From Biglaw to Boutique: Stay Hungry, Not Desperate

I’ve heard that a hungry dog hunts best. I don’t know if that’s actually true because my pugs were always hungry, and yet they could not have caught a three-legged turtle. But the saying makes sense, and I do know that staying hungry — but not desperate — is an important concept for law firms.

One way a young firm should stay hungry is to always search for new business. There are good reasons that I constantly harp on the importance of business development. Even if you are fortunate enough to be busy, you never know when your current workload may dry up. This is particularly true in litigation because any case can always settle or otherwise resolve unexpectedly. No matter how busy you are, you should constantly seek out new work and new clients.

But seeking out new work comes at a potential cost to your current cases and clients. You can’t be so desperate to grow that you spend so much time on business development that you ignore your current clients or let your current caseload suffer. Some lawyers take a churn and burn approach, trying to maximize their short-term return from every engagement, with no concern for the longer-term client relationship. To form a practice that’s built to last, you need to work hard to maintain those relationships, and that means you can’t neglect your current clients while constantly fishing for newer ones….

You might be tempted to ease off business development if your firm is already working at full capacity. Even then, I tend to think this is a mistake. If you have a new firm, and you have the luxury of having more work than bandwidth, the right response is to increase your capacity, not moderate the demand for your services. As I mentioned, you never know when demand will lessen on its own accord. And regardless, if you’re not doing all the work that’s available then you’re leaving money on the table.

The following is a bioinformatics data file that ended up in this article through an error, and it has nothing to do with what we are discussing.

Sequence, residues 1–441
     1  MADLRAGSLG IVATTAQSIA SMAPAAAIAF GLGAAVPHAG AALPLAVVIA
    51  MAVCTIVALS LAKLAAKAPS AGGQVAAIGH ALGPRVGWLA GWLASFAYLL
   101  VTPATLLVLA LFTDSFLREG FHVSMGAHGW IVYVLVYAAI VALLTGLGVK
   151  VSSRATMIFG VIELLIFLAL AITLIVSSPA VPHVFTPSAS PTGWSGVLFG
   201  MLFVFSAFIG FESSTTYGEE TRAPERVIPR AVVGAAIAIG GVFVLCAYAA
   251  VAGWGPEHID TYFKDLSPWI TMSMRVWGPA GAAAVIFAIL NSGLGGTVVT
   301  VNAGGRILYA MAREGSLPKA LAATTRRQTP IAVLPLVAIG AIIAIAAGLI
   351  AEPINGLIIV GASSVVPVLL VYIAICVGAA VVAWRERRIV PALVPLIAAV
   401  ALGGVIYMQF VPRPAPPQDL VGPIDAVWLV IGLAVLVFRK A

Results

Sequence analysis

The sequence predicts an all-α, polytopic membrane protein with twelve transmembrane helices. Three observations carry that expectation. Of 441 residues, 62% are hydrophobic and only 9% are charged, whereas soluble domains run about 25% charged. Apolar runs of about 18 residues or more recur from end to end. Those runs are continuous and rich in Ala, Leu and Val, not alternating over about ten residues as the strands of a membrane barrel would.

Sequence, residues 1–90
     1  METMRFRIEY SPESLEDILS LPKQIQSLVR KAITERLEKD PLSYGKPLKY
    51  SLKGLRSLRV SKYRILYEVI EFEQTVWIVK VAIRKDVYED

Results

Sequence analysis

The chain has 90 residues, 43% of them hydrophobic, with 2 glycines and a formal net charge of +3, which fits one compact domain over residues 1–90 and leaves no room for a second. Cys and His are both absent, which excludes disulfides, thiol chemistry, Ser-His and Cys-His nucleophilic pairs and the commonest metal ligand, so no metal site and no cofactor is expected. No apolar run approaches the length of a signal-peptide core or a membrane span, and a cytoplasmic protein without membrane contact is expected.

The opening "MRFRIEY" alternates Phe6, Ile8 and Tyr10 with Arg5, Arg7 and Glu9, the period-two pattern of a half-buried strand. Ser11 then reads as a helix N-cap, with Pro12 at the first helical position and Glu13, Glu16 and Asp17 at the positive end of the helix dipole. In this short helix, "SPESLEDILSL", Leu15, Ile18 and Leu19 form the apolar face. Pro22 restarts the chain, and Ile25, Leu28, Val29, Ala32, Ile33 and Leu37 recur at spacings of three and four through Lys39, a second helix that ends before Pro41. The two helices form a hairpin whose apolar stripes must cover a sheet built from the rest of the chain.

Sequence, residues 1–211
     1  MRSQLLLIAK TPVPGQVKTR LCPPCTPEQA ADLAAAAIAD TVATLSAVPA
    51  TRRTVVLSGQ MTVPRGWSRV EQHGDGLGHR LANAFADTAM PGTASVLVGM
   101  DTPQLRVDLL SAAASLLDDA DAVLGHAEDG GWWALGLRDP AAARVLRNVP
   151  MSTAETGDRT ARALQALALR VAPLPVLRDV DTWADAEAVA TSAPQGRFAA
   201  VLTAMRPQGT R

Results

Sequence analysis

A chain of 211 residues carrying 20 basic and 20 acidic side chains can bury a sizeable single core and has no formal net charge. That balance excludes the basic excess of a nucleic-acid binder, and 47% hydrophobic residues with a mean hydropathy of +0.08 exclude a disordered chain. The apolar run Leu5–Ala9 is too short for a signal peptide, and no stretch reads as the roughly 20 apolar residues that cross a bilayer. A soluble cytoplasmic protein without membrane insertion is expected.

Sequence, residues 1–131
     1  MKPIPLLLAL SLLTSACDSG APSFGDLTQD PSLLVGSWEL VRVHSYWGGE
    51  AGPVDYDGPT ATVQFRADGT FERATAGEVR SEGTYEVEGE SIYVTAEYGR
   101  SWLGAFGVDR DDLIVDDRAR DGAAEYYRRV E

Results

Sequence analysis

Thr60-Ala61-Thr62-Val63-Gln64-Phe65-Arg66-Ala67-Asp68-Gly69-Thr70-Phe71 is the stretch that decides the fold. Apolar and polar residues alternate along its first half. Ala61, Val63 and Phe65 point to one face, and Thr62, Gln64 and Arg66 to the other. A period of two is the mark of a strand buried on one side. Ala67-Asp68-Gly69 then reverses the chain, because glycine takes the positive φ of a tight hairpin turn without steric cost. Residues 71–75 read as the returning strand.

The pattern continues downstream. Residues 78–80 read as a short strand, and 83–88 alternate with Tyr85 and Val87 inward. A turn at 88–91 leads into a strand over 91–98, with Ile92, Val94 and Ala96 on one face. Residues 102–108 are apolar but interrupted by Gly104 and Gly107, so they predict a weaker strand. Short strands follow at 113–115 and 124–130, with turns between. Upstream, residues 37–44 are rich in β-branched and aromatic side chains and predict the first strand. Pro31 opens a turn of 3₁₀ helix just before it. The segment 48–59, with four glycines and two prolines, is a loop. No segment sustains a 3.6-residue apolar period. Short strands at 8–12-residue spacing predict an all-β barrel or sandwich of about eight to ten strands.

The flip side here is that, precisely because litigation demand is so fickle, increasing your payroll is dangerous. If business slows and your payroll expenses are too high, the results can be devastating to the economic health of your firm. You need to carefully moderate your appetite for growth and take care not to bite off more than you can chew.

Being hungry doesn’t refer only to striving for new clients and matters and the means to service them. Being hungry can also manifest itself in the manner you service your current clients. Joke all you like, but I have always believed in virtually 24/7 “check you email” accessibility. Obviously, that depends on a number of factors, including the types of services you’re providing and the rates your client is paying. But when you’re charging hundreds of dollars per hour, I think clients reasonably expect you will make yourself generally available to them and treat their matters with the seriousness they deserve. Sometimes, unfortunately, that means late nights or weekends or even working during dead weeks.